U.S. Secretary of State expected to attend Arctic Council meeting in Finland

Theater of Lapland in Rovaniemi, Finland is the venue for Arctic meetings. (Thomas Nilsen/The Independent Barents Observer)
Finland’s hope for an Arctic Summit with heads of states vanished earlier this year, but this spring, the Arctic Council meeting takes places as planned.

Reuters reports with a senior Trump administration official as source that the U.S. will participate at the Arctic Council meeting, on May 6-7, with Secretary of State Mike Pompeo.

“We want to show that we are committed to being an Arctic nation, an Arctic power,” the official said. “Chinese action has really focused everyone’s minds, including the Russians,” the source added.

The United States first time sent its Secretary of State, at that time Hillary Rodham Clinton, to the Arctic Council in 2011 when the meeting took place in Nuuk, Greenland.

Talking with Russia

The bi-annual ministerial meetings have since then been attended by the U.S. Secretary of State. Last time, the meeting took place in Fairbanks, Alaska, with Rex Tillerson handing over the chairmanship to Finland’s Timo Soini.

Soini is one of the western Arctic nations’s foreign ministers that have met Russia’s Sergey Lavrov most frequently over the last few years. Interviewed by the Barents Observer in Rovaniemi over a year ago, Soini smiled and said: “It is always beneficiary to meet dorogoy [dear] Sergey Lavrov.”

For Russia, the Arctic is promoted as a territory of dialogue, which also is the name of the country’s large Arctic conference taking place in St. Petersburg a few weeks before the Council’s ministerial in Rovaniemi.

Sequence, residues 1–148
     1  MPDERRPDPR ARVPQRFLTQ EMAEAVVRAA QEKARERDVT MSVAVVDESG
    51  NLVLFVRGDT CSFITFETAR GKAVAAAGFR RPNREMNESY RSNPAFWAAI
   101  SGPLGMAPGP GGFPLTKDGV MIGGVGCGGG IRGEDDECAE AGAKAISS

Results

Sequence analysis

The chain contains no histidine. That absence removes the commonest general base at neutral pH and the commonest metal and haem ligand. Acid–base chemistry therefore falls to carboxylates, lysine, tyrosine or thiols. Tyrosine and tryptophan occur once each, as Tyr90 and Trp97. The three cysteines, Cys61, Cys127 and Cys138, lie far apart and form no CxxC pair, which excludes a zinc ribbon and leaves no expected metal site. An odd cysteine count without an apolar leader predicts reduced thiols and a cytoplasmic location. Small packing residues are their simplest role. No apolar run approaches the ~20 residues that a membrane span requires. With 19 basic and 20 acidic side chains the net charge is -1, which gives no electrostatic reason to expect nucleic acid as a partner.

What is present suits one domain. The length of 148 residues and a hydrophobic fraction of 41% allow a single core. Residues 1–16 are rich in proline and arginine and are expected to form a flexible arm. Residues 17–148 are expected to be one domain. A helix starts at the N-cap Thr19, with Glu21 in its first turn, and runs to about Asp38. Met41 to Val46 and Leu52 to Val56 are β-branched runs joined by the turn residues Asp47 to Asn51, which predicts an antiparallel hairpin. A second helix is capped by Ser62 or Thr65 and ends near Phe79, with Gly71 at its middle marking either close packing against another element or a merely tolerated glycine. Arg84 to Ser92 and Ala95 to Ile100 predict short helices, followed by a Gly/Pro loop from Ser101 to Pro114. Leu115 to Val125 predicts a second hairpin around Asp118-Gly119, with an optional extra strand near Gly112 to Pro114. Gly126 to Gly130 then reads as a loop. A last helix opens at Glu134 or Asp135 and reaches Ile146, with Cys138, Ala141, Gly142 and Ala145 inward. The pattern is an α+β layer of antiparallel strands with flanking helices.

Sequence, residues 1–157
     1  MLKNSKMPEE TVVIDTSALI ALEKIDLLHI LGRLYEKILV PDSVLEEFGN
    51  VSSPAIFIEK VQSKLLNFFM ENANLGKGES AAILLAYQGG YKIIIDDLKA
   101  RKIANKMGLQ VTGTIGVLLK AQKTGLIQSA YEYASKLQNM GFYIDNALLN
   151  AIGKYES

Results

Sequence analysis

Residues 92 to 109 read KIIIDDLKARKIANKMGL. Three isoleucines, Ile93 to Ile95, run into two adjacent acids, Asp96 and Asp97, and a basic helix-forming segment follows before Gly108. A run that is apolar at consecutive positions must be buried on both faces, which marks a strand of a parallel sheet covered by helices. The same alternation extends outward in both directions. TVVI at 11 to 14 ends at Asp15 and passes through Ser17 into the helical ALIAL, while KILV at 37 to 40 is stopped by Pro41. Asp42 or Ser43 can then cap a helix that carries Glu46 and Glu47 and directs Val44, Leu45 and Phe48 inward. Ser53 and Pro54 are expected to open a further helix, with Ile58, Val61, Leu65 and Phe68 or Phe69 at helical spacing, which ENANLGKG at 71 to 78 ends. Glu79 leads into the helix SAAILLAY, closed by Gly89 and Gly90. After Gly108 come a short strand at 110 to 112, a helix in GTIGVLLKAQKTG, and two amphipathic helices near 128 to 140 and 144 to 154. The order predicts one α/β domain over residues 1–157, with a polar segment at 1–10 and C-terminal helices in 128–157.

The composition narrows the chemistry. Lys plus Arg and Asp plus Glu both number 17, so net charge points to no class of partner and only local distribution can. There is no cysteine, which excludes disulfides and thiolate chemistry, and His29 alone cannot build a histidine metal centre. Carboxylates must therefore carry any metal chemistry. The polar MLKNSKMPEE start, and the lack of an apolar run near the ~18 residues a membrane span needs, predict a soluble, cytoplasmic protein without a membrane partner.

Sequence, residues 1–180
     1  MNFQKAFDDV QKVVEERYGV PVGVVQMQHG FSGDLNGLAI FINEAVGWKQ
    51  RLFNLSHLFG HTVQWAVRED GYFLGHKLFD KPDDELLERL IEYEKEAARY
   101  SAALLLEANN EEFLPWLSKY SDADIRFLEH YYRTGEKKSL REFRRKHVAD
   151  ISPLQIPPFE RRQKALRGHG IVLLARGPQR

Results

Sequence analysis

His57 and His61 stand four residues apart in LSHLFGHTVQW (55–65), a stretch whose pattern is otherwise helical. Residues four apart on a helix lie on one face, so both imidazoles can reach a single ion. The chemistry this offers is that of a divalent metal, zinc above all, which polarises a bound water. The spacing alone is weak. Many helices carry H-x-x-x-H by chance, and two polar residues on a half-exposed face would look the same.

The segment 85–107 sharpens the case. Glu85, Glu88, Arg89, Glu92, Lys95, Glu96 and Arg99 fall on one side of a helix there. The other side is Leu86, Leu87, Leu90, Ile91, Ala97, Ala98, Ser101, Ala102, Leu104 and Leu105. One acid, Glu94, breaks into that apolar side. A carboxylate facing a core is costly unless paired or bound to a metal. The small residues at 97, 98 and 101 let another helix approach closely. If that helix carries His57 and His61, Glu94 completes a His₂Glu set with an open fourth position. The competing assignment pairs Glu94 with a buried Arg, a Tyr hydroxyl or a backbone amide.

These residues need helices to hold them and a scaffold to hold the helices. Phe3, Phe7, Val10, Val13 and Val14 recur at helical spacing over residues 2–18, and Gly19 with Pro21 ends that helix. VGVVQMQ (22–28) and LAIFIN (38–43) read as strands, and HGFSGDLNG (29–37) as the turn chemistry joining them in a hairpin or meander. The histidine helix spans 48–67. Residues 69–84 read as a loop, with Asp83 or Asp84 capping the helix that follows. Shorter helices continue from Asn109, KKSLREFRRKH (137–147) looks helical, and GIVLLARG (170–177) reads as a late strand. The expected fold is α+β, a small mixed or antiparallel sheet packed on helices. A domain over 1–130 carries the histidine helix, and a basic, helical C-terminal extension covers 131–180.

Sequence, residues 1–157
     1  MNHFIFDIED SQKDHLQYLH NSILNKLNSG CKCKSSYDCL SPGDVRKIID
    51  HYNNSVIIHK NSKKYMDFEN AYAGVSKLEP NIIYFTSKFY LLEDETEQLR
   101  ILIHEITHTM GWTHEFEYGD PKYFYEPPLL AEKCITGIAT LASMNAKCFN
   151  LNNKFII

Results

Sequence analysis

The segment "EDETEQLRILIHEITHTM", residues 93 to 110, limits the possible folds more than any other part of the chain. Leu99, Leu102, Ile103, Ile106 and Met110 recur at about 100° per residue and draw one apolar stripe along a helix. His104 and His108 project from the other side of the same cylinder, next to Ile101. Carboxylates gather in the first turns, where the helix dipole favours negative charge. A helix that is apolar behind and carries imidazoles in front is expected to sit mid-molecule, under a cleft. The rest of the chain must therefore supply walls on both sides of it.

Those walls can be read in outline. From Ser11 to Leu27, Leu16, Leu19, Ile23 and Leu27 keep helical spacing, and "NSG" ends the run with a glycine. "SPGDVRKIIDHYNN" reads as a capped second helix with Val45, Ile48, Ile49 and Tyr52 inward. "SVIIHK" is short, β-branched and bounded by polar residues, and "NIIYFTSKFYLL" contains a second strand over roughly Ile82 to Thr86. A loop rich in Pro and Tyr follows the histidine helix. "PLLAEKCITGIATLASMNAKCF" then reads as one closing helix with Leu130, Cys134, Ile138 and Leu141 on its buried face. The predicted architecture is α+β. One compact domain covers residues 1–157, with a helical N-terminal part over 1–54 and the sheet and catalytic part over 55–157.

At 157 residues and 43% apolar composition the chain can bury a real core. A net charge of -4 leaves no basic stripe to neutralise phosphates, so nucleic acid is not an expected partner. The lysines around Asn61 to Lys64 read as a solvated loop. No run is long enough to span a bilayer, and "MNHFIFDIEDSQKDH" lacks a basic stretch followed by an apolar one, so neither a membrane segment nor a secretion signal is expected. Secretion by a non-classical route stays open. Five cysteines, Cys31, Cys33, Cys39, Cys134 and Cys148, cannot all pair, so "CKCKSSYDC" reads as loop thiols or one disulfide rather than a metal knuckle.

Finland will hand over the chairmanship to Iceland for the period 2019-2021.

Last week, the Senior Arctic officials met in Ruka, northern Finland and approved deliverables for the upcoming Rovaniemi meeting.

“Within one and a half day, we have covered the full range of topics that the Arctic Council and its subsidiary bodies have worked on during our Chairmanship. We have approved results from projects that focused on education, oil pollution risks, biodiversity, marine ecosystems, Arctic climate change, and ocean acidification – to name a few. These are projects that have a real impact on Arctic communities and benefit the people living and working in the Arctic,” Ambassador Aleksi Härkönen, Chair of the Senior Arctic Officials, said in a statement after the gathering.

Related stories from around the North:

Canada: Canada sends low-key delegation to 2017 Arctic forum in Russia, Radio Canada International

Finland: Finnish president Niinistö to attend Arctic Forum in Russia, The Independent Barents Observer

Iceland: Iceland talks Arctic, Trump’s ditching of climate accord, with U.S. Secretary of State, Eye on the Arctic

Norway: Russia, Norway talk Arctic GPS jamming in Oslo, The Independent Barents Observer

Russia: Cooperation with Russia in the Arctic makes sense; an Arctic Summit does not, Blog by Heather Exner-Pirot

Sweden: Arctic Sweden to welcome thousands of international troops for Northern Wind exercise, The Independent Barents Observer

United States: Iceland, U.S. FMs talk Arctic security, defence cooperation at Washington meeting, Eye on the Arctic

Thomas Nilsen, The Independent Barents Observer

For more news from the Barents region visit The Independent Barents Observer.

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